Wednesday, July 23, 2008

Tricked by Chick Lit

According to Wikipedia, the term “Chick Lit” applies to a genre of fiction that “features hip, stylish female protagonists (usually in their twenties and thirties and in urban settings) and follows their love lives and struggles for professional success (often in the publishing, advertising, public relations or fashion industry). The books usually feature an airy, irreverent tone and frank sexual themes.”

For the record, I don’t like Chick Lit. I choose not to read it, and I do not accept review copies of Chick Lit for this blog. (This is nothing against all you Chick Lit lovers out there; it’s just not my thing.) I even have a test for avoiding Chick Lit:

To identify Chick Lit, ask yourself these questions:
1. Is the cover of the book garish, cartoonish, and girly (e.g., does it prominently feature shoes, makeup, handbags, or lipstick-colored lip prints)?
2. Is the title of the book long and lighthearted (e.g., Confessions of a Sociopathic Social Climber, The Girls’ Guide to Hunting and Fishing, How Opal Mehta Got Kissed, Got Wild, and Got a Life)?
3. Can I buy the book in the supermarket check-out line or at an airport newsstand?
4. Does the blurb on the dust jacket or back cover use any of the following words or phrases: “feisty,” “snappy,” “stylish,” or “best friend in the whole wide world”?
5. Was the book written by Jennifer Weiner?
If your answer to any of these questions is yes, you’ve probably got a case of Chick Lit.

Armed with this test, how did I make the mistake of accepting a review copy of The Safety of Secrets by Delaune Michel, a book that falls squarely within the Chick Lit genre? Clearly, this is a case of Chick Lit trickery. The Safety of Secrets has all the indications of literary fiction: artsy black and white cover photo, award-winning author (Thomas Wolf Short Fiction Award, Pacificus Foundation Literary Award), a respectable title, and a serious-sounding description (“a beautifully written exploration of the bonds forged in childhood and challenged decades later, of the fulfillment of dreams and the damage they can cause, and of secrets being uncovered and the truth we find inside”). Despite all these indications, I knew I was reading Chick Lit after about 2 pages.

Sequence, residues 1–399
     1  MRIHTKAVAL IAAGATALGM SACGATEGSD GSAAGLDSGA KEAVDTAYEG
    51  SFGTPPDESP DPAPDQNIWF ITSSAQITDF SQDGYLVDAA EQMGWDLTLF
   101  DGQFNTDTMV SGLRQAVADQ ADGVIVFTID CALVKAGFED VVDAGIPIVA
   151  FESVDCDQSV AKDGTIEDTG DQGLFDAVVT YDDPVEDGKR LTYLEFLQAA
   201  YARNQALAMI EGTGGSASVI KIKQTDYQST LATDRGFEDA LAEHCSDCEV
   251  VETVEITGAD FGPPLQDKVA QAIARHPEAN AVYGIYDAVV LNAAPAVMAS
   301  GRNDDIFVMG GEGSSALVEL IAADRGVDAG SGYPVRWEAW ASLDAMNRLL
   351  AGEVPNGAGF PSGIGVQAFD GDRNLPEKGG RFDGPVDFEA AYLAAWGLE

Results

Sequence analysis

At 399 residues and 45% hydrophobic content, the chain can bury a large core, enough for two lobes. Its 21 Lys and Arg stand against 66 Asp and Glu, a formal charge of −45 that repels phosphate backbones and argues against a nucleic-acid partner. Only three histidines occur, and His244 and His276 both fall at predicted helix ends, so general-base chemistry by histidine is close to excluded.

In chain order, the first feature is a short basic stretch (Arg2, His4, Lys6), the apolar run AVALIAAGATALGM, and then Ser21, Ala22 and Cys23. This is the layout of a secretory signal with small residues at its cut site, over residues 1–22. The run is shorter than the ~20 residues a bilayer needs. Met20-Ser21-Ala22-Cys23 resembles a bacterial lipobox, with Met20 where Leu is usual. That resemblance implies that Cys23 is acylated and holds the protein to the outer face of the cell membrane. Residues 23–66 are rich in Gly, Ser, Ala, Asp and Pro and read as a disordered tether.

Out of a sense of obligation, I read The Safety of Secrets, but I’m not equipped to review it. All I can really say is that this book seems like a typical example of Chick Lit. I’m not sure if it’s a good example or a bad example, but I suspect it’s a fairly good example because I was able to finish the book. If you like Chick Lit, I bet you'll like The Safety of Secrets. If you've read this one and you generally enjoy Chick Lit, I'd be interested to hear what you thought about the book.

(And just to be clear, I don't believe there's anything inferior or unworthy about Chick Lit, or any other genre fiction for that matter. It's just not my preference.)

1 comment:

sheistoofondofbooks said...

I like your "litmus test" for Chick Lit.

I always oppose the "aiport books" (quick myster/thrillers) my husband buys while travelling - why can't he plan ahead and bring a decent selection of books, like I do?!